What are the different types of capitalism?
Capitalism: Each machine represents the economic system of a country. Every machine has three inputs: labor, people’s work. Capital, all the stuff that a business might use, including intangibles, like ideas. And natural resources. The machine converts these inputs into goods and services, and because we’re willing to pay for the things the machine produces, what the machine is really creating here is value. Economies turn inputs into value. What determines whether the machine is capitalist, communist, socialist, or something else?
Types of capitalism
The first one controls who owns the capital. Over here, the government owns every bit of capital, down to the last office paperclip. North Korea is probably the closest economy to 0%. On the other end of the spectrum, at 100%, private citizens own all the capital. The US is about here, at roughly two-thirds private ownership.
The second one dictates how much control the government has over what gets produced. In economies with high coordination, like the old USSR, the government dictated what the economy could and would produce. In economies with low coordination, the government might mandate a few things, but leaves most decision-making up to the private sector.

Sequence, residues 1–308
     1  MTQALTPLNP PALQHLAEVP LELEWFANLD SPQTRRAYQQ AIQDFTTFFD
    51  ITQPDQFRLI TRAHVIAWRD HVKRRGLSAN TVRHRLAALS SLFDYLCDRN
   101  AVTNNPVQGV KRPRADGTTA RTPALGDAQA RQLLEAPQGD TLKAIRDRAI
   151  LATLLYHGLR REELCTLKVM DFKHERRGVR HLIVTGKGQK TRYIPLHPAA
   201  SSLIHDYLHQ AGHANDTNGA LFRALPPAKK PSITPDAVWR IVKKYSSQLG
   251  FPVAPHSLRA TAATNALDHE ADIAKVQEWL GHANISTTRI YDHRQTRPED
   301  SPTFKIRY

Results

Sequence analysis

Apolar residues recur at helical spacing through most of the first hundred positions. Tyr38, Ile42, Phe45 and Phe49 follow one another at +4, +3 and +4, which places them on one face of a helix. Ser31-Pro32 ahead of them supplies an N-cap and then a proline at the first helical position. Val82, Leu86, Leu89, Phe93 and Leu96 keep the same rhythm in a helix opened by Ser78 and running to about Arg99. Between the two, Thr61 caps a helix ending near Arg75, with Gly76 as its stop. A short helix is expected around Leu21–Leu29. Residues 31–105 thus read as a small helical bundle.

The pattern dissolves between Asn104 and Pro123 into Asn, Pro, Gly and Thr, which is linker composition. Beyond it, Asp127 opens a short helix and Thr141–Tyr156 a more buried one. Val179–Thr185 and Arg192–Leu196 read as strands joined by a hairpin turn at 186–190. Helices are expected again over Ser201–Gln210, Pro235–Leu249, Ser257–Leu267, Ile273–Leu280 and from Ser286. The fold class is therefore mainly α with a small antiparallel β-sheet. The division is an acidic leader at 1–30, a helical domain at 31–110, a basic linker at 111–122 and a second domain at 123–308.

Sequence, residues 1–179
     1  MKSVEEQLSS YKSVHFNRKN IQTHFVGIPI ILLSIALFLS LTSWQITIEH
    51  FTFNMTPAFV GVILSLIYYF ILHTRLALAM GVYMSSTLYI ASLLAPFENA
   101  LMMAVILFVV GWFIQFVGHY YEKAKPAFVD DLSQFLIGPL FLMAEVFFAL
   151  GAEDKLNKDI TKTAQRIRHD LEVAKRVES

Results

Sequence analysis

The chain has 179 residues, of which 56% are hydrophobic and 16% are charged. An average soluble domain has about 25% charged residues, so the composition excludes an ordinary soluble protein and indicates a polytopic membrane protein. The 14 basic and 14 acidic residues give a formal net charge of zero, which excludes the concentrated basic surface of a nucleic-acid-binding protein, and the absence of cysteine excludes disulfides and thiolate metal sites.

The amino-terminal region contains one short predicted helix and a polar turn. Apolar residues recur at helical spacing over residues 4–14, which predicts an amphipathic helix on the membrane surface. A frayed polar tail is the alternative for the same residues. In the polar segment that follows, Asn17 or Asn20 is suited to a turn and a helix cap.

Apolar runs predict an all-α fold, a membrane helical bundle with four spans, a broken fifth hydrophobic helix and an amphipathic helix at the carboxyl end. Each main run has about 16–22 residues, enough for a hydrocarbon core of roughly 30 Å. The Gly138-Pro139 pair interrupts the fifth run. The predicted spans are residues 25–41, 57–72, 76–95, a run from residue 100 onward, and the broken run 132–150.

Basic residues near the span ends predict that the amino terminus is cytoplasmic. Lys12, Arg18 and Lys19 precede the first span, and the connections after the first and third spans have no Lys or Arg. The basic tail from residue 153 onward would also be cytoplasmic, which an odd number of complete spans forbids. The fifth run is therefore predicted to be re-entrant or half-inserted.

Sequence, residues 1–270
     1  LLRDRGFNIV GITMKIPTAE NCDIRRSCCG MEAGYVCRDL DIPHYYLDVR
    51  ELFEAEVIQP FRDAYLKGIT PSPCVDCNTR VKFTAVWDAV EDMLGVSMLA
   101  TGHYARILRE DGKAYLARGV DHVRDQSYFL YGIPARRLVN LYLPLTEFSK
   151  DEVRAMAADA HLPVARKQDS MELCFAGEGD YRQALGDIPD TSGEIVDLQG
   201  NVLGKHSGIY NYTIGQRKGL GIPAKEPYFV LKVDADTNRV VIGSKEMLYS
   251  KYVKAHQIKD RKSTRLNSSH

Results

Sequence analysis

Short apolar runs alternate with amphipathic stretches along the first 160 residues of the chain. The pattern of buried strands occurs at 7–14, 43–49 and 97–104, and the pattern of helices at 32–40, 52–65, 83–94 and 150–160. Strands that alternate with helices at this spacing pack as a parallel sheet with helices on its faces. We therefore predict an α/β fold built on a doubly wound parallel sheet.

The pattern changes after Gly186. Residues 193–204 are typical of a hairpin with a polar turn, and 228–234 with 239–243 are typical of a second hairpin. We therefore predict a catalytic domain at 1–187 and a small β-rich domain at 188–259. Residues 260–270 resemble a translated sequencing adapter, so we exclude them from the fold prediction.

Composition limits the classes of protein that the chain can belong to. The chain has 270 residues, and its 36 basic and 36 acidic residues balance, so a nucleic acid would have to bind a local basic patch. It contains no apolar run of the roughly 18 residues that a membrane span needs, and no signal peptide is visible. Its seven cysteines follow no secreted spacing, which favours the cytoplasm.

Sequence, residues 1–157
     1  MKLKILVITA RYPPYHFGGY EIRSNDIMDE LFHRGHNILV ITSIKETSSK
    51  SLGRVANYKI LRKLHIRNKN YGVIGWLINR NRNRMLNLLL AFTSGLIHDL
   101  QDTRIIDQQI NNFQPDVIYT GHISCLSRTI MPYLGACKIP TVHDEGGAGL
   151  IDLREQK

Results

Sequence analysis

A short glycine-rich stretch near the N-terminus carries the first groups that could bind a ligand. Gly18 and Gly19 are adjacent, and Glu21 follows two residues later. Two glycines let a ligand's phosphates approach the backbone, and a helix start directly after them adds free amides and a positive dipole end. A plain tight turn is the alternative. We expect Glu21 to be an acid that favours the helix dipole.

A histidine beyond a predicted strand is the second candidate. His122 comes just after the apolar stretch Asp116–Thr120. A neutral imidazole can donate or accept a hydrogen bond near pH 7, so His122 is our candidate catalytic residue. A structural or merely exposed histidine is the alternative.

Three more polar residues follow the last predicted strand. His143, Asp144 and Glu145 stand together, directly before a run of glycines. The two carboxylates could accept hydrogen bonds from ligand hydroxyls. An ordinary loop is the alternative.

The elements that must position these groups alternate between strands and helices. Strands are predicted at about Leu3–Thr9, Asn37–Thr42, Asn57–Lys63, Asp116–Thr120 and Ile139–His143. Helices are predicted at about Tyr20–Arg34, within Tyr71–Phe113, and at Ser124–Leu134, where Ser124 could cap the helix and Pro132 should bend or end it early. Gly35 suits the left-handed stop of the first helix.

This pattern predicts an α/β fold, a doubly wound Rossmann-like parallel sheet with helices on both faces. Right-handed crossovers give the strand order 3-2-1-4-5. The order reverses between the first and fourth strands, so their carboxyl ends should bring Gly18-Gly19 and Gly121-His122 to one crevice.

The third one controls how extensively markets are used to set prices. Over here at 0%, we have economies with no markets, where the government sets all prices, and consumers have no say. Over here at 100%, markets are used to set the price of everything, even things like basic life-saving health care. You can also think of this as controlling the number and extent of government regulations from tariffs on foreign goods to antitrust laws to regulations on net neutrality.
So, capitalism isn’t just one type of economy. It’s a wide range of possible economies, which makes answering the question of whether capitalism is broken, complicated.
At the height of the Industrial Revolution, the dials were set pretty close to what we now call free market, or “laissez-faire” capitalism. There were very few regulations, and economists of the time believed that capitalism’s “invisible hand”—basically, individuals acting freely and in their own self-interest—would produce optimal outcomes, both for the economy and for society. And that’s how we ended up with embalming fluid in milk.
In the late 1800s in the United States, food manufacturers put all kinds of cheap (and sometimes dangerous) adulterants in food to maximize profits. What they were doing was legal, but of course, wrong. There was a public outcry, and in 1906, Congress passed the Pure Food and Drugs Act, setting the stage for the Food and Drug Administration, which watches over the US’s food supply to this day. These days, no economy really practices pure “invisible hand” capitalism, but some people are increasingly worried that today’s threats, like climate change and rising inequality, can’t be solved by any capitalist system.
Climate change vs Capitalism